Tuesday, December 16, 2008

Sunrise or Merrick?

Andrew and I were planning our November 8, 2008 wedding on the south shore of Long Island and spending the majority of 2008 tending to wedding errands on Long Island. People from LI are very familiar with two major highways - Sunrise Highway and Merrick Road. Each can take you pretty much from Queens to Montauk.

A few weekends ago, we were heading to Drew's favorite seafood shack in Rockville Centre, on Sunrise Highway. He asked, "Are we on Merrick or Sunrise?" Easy to get confused as they are both very busy roads that run parallel along the same towns. I told him to look for the elevated Long Island Rail Road train tracks and was reminded of my youth.

When you're little, you don't know roads or towns. You simply sit in the back seat and relax while Mommy or Daddy drive you to your destination. You gaze at the store fronts and they become your landmarks. When I was a kid, my parents would take my little brother and me to Nunley's.

Nunley's was a small amusement park that was stuck in like 1959, and I always knew we were headed there when I saw the LIRR tracks along Sunrise Highway. My mom said they could never tell me when they planned on going because if something came up and we didn't get to go, I'd throw a fit. To avoid the crying tantrums complete with, "you prommmmmmised" being echoed over and over again, we'd just end up there on a random, clear, summer evening.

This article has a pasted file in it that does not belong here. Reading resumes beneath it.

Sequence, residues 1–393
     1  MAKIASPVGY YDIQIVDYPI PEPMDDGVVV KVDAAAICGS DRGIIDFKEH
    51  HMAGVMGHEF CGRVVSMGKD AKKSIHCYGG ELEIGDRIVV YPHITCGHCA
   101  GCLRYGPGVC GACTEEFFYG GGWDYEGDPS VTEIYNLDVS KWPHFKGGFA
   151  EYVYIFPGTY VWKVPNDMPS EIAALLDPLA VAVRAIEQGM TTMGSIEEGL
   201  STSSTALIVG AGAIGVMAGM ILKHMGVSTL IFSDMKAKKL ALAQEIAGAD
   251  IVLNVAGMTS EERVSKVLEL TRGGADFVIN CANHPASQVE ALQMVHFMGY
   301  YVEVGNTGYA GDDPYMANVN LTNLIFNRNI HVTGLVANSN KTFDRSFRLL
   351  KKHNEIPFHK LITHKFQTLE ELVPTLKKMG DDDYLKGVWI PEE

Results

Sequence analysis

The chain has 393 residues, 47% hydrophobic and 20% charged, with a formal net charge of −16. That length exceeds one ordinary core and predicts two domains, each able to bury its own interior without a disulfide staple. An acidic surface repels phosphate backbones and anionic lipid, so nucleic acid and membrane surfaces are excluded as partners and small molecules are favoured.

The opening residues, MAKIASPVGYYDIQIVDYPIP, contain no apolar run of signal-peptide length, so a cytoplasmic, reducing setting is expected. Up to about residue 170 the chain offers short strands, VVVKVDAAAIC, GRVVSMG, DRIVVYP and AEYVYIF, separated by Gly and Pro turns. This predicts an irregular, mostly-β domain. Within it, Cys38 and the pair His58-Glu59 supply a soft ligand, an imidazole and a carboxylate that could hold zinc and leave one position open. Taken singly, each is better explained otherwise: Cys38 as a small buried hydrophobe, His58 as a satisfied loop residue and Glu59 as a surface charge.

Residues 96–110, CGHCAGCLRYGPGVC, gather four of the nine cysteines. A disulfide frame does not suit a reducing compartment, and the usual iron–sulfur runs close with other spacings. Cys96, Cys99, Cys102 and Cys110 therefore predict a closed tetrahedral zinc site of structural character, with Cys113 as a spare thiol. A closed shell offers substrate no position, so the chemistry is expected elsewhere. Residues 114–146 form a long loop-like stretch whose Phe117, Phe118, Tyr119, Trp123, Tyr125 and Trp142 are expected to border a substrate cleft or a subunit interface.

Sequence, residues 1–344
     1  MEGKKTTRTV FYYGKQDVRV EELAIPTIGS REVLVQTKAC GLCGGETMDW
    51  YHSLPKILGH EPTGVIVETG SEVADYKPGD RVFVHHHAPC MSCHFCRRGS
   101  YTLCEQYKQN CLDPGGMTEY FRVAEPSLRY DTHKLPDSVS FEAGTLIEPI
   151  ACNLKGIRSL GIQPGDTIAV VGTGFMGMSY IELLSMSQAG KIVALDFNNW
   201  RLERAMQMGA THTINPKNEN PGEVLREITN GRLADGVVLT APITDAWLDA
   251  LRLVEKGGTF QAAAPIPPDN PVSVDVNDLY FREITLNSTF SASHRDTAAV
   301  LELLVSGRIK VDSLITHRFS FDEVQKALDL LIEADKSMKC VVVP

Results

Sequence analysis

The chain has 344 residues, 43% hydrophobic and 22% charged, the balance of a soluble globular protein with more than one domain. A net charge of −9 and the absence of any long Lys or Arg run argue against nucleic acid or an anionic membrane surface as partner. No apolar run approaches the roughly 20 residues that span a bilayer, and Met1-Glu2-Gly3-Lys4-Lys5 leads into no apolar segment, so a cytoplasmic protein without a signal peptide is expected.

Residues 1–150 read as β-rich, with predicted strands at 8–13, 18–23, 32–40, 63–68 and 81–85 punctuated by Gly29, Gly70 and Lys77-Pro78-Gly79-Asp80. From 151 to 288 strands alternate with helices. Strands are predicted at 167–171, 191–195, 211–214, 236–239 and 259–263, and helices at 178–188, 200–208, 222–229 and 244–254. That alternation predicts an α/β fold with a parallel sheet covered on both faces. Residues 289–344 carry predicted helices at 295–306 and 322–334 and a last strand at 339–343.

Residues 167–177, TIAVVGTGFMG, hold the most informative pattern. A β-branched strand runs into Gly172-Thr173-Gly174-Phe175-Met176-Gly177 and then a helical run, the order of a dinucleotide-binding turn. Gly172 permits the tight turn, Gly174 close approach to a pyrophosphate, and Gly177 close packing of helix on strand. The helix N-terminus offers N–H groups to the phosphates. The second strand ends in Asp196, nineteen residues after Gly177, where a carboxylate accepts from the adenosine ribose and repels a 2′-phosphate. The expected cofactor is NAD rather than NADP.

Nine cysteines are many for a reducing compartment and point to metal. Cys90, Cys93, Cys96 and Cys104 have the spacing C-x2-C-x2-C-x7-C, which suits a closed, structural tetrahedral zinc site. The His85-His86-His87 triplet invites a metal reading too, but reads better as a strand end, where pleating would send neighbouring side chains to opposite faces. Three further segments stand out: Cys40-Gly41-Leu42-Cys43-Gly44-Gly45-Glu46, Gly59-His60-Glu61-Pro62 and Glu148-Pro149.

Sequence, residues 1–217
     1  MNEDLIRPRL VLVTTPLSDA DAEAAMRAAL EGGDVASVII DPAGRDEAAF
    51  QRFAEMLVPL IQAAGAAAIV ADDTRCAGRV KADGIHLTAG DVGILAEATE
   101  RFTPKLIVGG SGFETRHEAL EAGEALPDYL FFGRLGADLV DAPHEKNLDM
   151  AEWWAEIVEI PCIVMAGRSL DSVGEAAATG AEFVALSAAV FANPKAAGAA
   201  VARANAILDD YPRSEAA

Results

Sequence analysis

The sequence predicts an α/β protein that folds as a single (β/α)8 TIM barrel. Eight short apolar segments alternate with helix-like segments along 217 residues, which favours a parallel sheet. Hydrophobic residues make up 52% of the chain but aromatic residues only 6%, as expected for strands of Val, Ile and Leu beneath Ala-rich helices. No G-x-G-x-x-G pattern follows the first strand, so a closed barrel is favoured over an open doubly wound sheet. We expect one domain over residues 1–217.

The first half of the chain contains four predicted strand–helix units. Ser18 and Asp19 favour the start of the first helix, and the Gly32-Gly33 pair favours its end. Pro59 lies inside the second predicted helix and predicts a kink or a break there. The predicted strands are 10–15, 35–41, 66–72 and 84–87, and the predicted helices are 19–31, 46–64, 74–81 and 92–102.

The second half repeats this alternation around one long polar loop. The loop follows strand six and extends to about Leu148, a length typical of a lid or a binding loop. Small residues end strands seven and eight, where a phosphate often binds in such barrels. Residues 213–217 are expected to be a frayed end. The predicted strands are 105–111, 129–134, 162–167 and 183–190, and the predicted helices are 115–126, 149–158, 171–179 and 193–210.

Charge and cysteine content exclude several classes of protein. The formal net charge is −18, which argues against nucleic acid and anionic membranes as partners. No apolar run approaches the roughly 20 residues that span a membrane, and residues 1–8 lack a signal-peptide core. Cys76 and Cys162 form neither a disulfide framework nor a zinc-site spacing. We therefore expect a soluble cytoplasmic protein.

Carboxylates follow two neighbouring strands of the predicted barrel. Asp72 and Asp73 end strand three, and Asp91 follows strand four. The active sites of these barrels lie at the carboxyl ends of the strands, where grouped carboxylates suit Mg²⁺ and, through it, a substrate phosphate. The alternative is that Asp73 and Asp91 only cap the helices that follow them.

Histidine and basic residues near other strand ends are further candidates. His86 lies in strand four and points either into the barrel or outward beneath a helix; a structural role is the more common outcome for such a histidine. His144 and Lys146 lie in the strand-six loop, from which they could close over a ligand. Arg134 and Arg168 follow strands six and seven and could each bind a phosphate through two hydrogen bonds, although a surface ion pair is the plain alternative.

Nunley's was a glorious step back in time. There was a black and white photo booth and lots of very old arcade games composed of wood and metal. There was the famous fortune teller head eerily sitting in a glass box pumping out a typed fortune and lucky numbers for a dime. The large, indoor carousel had gold rings that weren't easy to reach. If we were lucky Dad would stick out his arm and grab one, because our kiddie arms were much too short.

I can still remember the warm summer breeze hitting my face while soaring down the tiny, rusty red roller coaster tracks. My little brother was small enough to ride the kiddie boats that teetered along a small pool of blue green water. We'd play mini golf and end the night with greasy fries and hot dogs. Nunley's was Long Island's Morey's Piers, minus the ocean view.


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